Wool, next to cotton, is perhaps the most important of all textile fibers. Like most of their contemporaries, the Shakers of South Union, Kentucky, recognized the ease with which wool fibers were spun into yarn and the advantages of sturdy wool clothing. South Union’s textile industry grew from a simple carding mill to a full-fledged woolen factory with a 240-spindle spinning jack and 4 power looms. From its genesis in 1815 to its abrupt demised in 1868, the sect’s woolen industry provides a paradigm for the study of the United States’ textile industrialization.
Agricultural and Resource Economics | Cultural History | Entrepreneurial and Small Business Operations | Place and Environment | Religion | Social History | United States History | Work, Economy and Organizations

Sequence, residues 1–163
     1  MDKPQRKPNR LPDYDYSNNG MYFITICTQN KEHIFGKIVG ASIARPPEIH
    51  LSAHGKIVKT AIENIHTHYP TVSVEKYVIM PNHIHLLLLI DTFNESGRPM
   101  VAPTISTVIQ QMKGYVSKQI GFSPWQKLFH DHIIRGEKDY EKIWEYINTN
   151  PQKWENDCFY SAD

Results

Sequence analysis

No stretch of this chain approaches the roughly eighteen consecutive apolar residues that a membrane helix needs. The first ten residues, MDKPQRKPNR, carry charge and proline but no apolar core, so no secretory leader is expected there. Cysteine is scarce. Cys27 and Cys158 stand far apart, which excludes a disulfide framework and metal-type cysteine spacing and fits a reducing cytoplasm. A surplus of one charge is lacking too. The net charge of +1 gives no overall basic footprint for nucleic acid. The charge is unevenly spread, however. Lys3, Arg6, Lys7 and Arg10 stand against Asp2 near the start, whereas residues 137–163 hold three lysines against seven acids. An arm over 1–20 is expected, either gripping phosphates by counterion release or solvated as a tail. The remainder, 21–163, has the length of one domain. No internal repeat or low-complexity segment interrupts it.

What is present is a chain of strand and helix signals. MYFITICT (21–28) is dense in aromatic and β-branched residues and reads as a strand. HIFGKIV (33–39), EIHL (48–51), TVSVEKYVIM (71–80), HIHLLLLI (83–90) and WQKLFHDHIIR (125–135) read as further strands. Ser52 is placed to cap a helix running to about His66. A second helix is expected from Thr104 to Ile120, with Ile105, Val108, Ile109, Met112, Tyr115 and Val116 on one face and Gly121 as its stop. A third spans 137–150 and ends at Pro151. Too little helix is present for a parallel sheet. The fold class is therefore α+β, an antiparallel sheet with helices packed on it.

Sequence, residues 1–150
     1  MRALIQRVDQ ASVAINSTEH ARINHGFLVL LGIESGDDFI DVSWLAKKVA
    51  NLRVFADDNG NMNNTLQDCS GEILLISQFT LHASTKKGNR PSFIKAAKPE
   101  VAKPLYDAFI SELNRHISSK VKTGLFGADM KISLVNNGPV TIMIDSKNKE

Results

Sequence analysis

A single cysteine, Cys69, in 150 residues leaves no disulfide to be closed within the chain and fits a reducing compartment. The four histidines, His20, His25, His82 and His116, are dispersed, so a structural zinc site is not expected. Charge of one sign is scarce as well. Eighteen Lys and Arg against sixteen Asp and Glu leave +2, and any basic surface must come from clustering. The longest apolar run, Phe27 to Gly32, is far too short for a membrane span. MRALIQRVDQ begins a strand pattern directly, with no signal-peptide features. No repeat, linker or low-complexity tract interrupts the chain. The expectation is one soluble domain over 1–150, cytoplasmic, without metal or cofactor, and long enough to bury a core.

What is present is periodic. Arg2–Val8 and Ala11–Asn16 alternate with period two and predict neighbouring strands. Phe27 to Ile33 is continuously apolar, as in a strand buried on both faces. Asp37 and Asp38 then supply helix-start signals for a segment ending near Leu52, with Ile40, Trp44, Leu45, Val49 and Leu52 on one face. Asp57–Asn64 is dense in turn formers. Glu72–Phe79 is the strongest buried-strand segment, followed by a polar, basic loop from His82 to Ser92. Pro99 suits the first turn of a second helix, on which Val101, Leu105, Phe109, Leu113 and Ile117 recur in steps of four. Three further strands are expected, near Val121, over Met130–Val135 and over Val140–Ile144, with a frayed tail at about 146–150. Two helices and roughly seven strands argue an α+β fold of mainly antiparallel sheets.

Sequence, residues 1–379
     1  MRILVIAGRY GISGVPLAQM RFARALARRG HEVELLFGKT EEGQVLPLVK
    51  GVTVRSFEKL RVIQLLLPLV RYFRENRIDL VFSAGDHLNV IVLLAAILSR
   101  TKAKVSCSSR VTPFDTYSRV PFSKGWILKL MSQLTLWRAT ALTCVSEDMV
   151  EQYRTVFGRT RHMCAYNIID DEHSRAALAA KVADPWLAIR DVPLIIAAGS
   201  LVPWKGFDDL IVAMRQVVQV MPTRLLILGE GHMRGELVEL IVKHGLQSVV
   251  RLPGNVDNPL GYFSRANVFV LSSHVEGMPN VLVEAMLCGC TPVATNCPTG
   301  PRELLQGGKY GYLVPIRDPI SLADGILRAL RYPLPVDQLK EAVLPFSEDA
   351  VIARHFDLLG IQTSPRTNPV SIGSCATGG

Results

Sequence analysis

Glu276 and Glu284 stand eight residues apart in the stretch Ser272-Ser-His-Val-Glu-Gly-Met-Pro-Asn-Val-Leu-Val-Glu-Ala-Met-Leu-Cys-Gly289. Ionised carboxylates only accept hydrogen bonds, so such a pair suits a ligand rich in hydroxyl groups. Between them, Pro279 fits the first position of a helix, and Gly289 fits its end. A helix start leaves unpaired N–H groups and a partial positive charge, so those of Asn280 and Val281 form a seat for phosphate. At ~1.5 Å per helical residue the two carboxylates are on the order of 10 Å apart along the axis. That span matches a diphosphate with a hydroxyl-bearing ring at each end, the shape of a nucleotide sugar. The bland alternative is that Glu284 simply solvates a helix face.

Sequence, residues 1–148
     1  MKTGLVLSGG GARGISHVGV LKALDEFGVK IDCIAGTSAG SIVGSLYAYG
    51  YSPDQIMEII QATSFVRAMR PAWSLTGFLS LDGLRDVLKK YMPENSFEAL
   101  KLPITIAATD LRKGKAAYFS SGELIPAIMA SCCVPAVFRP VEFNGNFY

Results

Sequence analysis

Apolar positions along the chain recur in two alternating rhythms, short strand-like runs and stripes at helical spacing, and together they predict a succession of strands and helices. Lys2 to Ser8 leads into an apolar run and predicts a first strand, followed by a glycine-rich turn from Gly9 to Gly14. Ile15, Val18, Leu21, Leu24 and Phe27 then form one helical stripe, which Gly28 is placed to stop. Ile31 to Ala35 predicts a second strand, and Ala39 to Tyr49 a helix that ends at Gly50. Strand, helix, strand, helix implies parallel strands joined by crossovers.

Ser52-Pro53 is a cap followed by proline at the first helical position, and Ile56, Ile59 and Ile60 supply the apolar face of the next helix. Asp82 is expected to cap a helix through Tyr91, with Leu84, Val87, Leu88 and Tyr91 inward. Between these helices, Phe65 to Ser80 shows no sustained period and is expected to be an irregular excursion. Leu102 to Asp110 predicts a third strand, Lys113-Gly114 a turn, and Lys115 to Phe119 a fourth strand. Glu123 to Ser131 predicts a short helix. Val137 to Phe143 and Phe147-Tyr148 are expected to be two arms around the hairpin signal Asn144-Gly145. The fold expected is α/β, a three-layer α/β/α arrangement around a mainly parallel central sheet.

Recommended Repository Citation
Parker, Donna C. and Jeffrey, Jonathan J.. (1997). “We Have Raffeled for the Elephant & Won!”: The Wool Industry at South Union, Kentucky. The Kentucky Review, 13 (3), 58-74.
Available at: http://digitalcommons.wku.edu/dlsc_fac_pub/22
Figure 1: Wool comb made in 1835 by Shaker Samuel S. McClelland. The piece is stamped “No. 3 C.H. [Church] S.U. [South Union] August 1835 S.M.C. [Samuel McClelland]. (The Kentucky Museum, Western Kentucky University)
spinning jenny.jpg (107 kB)
Figure 2: The hand-operated spinning jenny increased yarn production by several thousand per cent.
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